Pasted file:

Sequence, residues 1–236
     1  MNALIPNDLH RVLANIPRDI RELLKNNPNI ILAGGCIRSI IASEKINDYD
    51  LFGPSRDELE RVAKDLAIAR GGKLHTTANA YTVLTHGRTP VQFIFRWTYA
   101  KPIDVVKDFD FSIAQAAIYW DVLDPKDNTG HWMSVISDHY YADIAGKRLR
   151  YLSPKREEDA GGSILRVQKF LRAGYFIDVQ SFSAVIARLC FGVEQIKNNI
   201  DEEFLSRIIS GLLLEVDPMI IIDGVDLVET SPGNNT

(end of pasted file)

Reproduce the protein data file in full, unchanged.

Sequence, residues 1–236
     1  MNALIPNDLH RVLANIPRDI RELLKNNPNI ILAGGCIRSI IASEKINDYD
    51  LFGPSRDELE RVAKDLAIAR GGKLHTTANA YTVLTHGRTP VQFIFRWTYA
   101  KPIDVVKDFD FSIAQAAIYW DVLDPKDNTG HWMSVISDHY YADIAGKRLR
   151  YLSPKREEDA GGSILRVQKF LRAGYFIDVQ SFSAVIARLC FGVEQIKNNI
   201  DEEFLSRIIS GLLLEVDPMI IIDGVDLVET SPGNNT